Hello and Seasons Greetings, I had to spend 4 nights
I had to spend 4 nights in the hospital 23 July 2018 because for the first time in my life I had trouble breathing. I had an injection of a cortisone derivative in the muscle for back pain that exacerbated a hidden condition that was diagnosed as COPD. I have never been a smoker but I am currently using a CPAp Machine. The use of Lisenopril for high blood pressure was suspended due to cough. My breathing has improved to the point where I am blowing up balloons for kids parties. I carry a rescue inhaler just in case there is a problem. Never had to use it or the sample Breo given to me upon leaving the hospital. The question is did this problem originate from the CPAP machine or the Lisenopril? I have suspended the use of both treatments and have had no problems. I am scheduled to see my doctor 17 January 2019. What questions and how should they be asked? My regular doctor is extremely busy. I see him 4 times a year to monitor my type II diabetes and blood pressure. My last A1C was 5.4 with a BP of 130/90. I am taking carvedilol for the BP.
Sleep apnea might cause COPD and proper treatment is needed to prevent progression
I carefully read your question. It seems because you have used CPAP machine you might be suffering from sleep apnea. Sleep apnea in itself can cause chronic lung conditions and problems.
There is no evidence that lisinopril can cause chronic lung conditions like COPD. It may cause dry cough as it has already happened in your case but not COPD. Even CPAP machine is not known to cause COPD, it mostly causes problems with dry mouth and nose.
I would say that your blood pressure seems in good values even though you are not using lisinopril and your sugar levels as well.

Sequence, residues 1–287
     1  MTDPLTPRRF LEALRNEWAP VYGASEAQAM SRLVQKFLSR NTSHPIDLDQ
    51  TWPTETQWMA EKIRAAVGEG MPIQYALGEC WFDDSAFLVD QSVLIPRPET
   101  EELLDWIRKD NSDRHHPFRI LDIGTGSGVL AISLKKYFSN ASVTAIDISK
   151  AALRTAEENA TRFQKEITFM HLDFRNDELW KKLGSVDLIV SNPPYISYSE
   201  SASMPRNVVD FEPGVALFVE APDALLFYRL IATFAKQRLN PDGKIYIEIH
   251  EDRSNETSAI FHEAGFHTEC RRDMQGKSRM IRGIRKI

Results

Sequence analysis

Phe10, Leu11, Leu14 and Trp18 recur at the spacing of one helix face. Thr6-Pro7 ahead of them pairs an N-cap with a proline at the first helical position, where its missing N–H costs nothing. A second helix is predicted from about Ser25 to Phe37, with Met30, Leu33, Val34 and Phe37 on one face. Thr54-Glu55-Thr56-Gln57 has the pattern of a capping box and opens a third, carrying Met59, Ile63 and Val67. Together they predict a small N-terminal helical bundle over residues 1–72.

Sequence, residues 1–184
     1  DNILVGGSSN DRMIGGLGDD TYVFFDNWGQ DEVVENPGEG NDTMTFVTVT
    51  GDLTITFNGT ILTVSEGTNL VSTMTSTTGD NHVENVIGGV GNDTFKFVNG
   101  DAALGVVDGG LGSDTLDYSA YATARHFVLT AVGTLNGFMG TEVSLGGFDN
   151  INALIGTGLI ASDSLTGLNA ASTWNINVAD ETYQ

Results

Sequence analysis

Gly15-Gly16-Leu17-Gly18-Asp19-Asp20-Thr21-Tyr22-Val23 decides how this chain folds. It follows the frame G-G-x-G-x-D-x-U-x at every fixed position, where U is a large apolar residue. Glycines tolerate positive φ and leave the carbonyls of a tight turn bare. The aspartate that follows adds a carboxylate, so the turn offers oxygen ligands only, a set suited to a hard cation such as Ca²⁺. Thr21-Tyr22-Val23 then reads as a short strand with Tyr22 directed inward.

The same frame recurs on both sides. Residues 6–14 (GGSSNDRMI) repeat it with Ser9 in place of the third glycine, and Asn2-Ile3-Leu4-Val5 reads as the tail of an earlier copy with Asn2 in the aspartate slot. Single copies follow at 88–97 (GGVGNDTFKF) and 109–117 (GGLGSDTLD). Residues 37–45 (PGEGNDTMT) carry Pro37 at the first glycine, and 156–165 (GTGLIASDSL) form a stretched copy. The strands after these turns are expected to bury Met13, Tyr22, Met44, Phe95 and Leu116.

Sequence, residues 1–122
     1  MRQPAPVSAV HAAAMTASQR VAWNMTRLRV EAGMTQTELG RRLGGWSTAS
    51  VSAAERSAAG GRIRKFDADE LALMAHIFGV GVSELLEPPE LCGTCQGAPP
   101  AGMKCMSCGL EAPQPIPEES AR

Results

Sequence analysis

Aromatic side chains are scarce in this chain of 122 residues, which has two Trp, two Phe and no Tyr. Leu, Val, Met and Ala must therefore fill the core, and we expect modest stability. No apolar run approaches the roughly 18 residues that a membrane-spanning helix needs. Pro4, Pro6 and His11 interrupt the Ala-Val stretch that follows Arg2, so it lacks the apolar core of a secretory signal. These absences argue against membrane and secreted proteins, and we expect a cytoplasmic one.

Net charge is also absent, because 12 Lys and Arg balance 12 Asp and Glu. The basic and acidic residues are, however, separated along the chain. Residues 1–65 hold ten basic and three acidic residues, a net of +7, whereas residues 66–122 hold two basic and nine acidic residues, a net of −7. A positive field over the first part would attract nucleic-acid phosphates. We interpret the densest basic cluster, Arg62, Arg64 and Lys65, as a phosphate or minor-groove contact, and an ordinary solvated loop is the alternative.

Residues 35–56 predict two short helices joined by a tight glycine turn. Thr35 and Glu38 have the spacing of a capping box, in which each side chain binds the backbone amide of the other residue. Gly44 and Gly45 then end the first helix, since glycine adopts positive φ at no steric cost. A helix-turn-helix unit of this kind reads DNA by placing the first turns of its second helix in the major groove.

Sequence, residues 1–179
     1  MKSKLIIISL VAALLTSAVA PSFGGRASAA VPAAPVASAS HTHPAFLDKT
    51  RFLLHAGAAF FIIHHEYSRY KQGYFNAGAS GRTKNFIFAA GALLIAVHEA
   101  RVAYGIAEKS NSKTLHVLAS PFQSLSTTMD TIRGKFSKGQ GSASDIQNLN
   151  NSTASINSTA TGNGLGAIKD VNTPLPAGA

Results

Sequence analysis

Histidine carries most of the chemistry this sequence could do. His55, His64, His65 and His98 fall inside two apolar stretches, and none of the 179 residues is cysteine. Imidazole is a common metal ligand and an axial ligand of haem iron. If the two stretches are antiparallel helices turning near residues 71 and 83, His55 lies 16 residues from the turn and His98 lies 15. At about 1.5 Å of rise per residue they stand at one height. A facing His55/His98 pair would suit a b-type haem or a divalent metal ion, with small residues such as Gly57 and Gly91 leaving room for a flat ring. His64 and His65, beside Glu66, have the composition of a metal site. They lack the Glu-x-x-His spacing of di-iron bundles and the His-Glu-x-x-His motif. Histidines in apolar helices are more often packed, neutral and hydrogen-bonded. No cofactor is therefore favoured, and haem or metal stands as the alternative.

COPD is a chronic lung condition which can be controlled with medications but can not be completely reversed. Some patients might have mild to moderate forms that cause them to have minor symptoms and have exacerbation with shortness of breath time after time. If you were diagnosed with COPD it is an irreversible condition and very likely you still have it but in a mild form and that is why you do feel better because you treated the acute flare of it.
So to conclude i would say: it is important to ask the doctor if COPD is a sure diagnosis in your case? If so it means it is chronic and irreversible and you will need to treat the cause of it to prevent further damage of the lungs. If it is sleep apnea that is causing the COPD you will need to treat sleep apnea appropriately even though you feel good at the moment.
Having a spirometry is important to see for obstructive disease of the lungs and it will also confirm if it is reversible (mostly with asthma and unlikely to develop in elderly) or irreversible obstruction (COPD).
Hope I have answered your query. Let me know if i can assist you further.
Dr. Antoneta Zotaj, General and Family Physician
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